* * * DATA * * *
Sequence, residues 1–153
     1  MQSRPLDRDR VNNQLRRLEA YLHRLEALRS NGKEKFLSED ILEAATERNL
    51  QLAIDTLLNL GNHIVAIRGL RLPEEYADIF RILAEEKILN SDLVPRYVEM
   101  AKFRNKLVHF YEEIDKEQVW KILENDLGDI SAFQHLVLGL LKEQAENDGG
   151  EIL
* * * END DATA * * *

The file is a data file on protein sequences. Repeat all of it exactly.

Sequence, residues 1–153
     1  MQSRPLDRDR VNNQLRRLEA YLHRLEALRS NGKEKFLSED ILEAATERNL
    51  QLAIDTLLNL GNHIVAIRGL RLPEEYADIF RILAEEKILN SDLVPRYVEM
   101  AKFRNKLVHF YEEIDKEQVW KILENDLGDI SAFQHLVLGL LKEQAENDGG
   151  EIL